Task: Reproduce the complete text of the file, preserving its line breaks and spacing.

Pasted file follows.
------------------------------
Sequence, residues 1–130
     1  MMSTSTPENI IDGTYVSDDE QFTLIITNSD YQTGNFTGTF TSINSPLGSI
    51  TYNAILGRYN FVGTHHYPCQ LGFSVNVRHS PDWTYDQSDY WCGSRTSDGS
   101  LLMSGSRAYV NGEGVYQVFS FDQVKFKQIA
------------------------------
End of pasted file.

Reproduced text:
Sequence, residues 1–130
     1  MMSTSTPENI IDGTYVSDDE QFTLIITNSD YQTGNFTGTF TSINSPLGSI
    51  TYNAILGRYN FVGTHHYPCQ LGFSVNVRHS PDWTYDQSDY WCGSRTSDGS
   101  LLMSGSRAYV NGEGVYQVFS FDQVKFKQIA